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Intelligent Design and the Multiverse (part one of two)

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The concept of Intelligent Design has been scorned and belittled by mainstream scientists and the intelligentsia since its introduction to public discussion, and with ample justification. It was created by the segment of society that is horrified by the idea that a supreme, transcendent intelligence, which most of us would call God, was not required for the proliferation of species and perhaps even the origin of life itself. As such it is a transparent attempt to undermine over 150 years of empirically gained knowledge in biology. ID supporters propose the existence of irreducible complexity, which suggests that some biological systems are so complex that they could not have resulted from the usual building blocks of natural selection. In essence they claim that this supposed complexity is such that science cannot possibly explain it, implying that God must be responsible. Even more objectionable is how this claim of science's inadequacy is presented with scientific language, giving it an illusory appearance of legitimacy. They are placing a scientific gown on a faith-based sow, all to promote an agenda that is the antithesis of science itself.

Irreducible complexity is much more a "theory" today than evolution has been since the 19th century, and there is no reason to believe that science will not eventually be able to explain even the minutest, most intricate changes in species development using natural selection and evolution as a basis for research and understanding. But where ID fails most profoundly as a science is in its biases and subjectivity. It is an agenda-based proposal; motivated solely by a need to have what some people feel is a vital function of divinity restored to God in the minds of the general public. After all if we don't need God for the proliferation of life then one of the most significant reasons we need God at all is lost forever. And if there is one thing we have come to understand about science as we have witnessed its tremendous achievements over the past few centuries is that it cannot be agenda-based if it is to be successful. A scientific pursuit motivated by anything other than the ascertainment of knowledge loses its objectivity and at that point ceases to be science.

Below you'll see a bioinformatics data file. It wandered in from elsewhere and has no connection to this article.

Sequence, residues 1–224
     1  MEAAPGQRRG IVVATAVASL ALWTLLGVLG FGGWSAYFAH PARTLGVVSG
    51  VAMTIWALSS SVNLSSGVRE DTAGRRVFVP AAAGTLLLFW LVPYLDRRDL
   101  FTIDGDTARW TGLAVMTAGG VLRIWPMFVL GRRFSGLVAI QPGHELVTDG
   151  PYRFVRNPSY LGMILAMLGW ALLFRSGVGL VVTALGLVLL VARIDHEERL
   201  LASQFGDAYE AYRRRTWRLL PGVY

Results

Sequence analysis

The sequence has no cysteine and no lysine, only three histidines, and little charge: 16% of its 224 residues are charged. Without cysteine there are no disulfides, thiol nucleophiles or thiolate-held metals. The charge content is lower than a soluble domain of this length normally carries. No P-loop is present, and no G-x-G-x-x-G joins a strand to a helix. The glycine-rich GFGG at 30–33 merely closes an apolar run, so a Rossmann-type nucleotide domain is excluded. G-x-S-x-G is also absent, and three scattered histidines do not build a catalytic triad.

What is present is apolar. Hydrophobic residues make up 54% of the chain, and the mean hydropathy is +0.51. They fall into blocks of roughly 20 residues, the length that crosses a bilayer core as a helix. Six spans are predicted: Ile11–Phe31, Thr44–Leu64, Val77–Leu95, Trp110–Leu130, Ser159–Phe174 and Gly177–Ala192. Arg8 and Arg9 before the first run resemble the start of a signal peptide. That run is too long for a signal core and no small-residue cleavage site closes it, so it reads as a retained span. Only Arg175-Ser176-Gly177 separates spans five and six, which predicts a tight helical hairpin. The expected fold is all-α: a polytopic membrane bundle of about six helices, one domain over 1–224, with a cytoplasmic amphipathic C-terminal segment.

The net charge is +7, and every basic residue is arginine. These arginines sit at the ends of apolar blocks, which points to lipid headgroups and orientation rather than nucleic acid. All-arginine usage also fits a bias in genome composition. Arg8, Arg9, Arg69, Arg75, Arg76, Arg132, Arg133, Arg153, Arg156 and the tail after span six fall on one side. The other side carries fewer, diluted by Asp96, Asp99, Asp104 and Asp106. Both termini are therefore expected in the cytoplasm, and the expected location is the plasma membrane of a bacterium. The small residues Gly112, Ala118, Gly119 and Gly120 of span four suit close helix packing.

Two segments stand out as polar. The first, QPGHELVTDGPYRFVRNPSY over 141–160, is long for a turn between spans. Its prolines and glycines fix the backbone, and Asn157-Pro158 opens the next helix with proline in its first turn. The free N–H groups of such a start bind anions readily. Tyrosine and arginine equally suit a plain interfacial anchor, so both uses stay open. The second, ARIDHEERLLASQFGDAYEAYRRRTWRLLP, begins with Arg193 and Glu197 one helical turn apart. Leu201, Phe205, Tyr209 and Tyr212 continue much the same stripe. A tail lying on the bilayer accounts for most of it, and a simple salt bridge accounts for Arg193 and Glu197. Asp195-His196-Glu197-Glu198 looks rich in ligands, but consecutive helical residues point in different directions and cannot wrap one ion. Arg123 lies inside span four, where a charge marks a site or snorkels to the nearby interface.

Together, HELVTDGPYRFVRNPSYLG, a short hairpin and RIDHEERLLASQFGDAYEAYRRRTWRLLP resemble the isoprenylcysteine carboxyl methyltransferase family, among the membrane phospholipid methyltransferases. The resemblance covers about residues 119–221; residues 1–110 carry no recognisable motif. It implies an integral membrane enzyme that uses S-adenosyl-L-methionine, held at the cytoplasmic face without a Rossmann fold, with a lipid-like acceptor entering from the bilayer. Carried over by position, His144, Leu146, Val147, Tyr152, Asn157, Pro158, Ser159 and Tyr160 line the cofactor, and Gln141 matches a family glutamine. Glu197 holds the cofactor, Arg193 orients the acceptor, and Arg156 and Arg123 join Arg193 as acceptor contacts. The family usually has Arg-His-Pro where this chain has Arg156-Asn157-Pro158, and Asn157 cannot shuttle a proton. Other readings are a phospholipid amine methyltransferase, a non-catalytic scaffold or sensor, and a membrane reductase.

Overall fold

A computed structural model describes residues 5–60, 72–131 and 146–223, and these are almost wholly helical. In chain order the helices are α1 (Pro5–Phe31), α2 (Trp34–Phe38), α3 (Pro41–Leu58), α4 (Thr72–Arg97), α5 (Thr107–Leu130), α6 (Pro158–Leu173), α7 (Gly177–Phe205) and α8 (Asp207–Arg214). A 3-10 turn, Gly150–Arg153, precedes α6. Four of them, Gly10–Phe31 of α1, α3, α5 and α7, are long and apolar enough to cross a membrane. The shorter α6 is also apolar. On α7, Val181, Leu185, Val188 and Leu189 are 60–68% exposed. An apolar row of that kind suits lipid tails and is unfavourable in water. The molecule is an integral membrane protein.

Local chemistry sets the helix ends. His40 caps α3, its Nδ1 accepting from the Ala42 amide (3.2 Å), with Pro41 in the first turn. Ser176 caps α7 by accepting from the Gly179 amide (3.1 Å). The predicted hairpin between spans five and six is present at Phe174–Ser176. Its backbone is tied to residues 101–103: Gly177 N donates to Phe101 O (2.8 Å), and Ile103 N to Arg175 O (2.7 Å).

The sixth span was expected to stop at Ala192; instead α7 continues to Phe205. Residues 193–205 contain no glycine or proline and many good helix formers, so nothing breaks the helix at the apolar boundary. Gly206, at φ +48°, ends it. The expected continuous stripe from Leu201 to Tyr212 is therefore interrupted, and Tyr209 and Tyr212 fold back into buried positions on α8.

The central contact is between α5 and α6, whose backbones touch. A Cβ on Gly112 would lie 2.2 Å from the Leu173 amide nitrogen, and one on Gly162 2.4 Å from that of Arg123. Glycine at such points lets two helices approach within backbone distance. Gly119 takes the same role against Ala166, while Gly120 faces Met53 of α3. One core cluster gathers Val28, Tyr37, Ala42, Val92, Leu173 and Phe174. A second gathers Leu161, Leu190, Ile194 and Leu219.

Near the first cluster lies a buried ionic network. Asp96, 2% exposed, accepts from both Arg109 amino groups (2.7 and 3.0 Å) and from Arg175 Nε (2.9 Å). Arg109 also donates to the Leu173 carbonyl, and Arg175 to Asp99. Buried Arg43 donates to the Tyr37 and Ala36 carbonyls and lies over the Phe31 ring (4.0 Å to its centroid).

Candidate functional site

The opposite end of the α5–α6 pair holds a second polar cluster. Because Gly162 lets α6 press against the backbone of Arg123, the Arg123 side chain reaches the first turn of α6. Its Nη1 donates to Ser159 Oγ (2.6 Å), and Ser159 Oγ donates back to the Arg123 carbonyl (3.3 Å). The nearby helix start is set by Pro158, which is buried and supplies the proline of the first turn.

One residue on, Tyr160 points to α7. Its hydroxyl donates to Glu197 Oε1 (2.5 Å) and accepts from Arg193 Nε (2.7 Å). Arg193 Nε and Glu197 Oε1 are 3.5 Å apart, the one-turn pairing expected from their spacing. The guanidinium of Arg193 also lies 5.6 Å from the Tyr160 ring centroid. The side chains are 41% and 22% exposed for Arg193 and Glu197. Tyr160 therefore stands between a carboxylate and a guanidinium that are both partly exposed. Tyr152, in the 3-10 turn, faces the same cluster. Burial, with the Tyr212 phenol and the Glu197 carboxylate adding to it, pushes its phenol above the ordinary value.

Which brings us to the Multiverse.

The Multiverse has not attracted nearly the same amount of media attention and interest among the general public as Intelligent Design has, probably because it doesn't sit quite as squarely on the edge between those ancient antagonists, science and religion. But that doesn't mean there are not some interesting parallels that should bear closer scrutiny and perhaps show that the Multiverse may reside on a heretofore-ignored area between science and spirituality.

First for the uninitiated, the Multiverse is a theory posed by some cosmologists that suggests the universe in which we reside may be just one of an unknown number of universes that exist beyond three-dimensional space. Somehow at the moment of the Big Bang or some other spectacular cosmic event, through some quirky aberration of physics, these universes have come into being. They're very strange places too these alternate universes. Speculation is that they wouldn't be bound to the same laws of physics as our universe is. Perhaps they would have no gravity or different elements. They may be places where galactic or star formation is not possible, and thus would have no planetary systems. The potential weirdness of such places is limited only by the imagination, with "imagination" being the operative word here. The most powerful telescopes humanity could ever invent could never gaze upon these universes, and spaceships traveling at the speed of light with infinite power sources could never travel to them. That's because they are thought to exist beyond our universe, the space-time continuum we call home.

Well, one theory states that perhaps the matter which is sucked into black holes may actually emerge back out into these alternate universes, so if we could invent a ship that would allow us to travel through black holes we could actually go to them. But we wouldn't be able to stay for long if at all, because if there is one thing it seems all these other universes have in common is that they are completely inhospitable to the formation or experience of life. The implication is that there may be thousands or millions of these other universes, so it is to be expected that by pure chance one universe came into existence that did allow for the formation of life, which of course is the one we reside in.

And here my friends, is where you can be forgiven if your suspicion instincts are aroused.

(watch for part two in this space soon)

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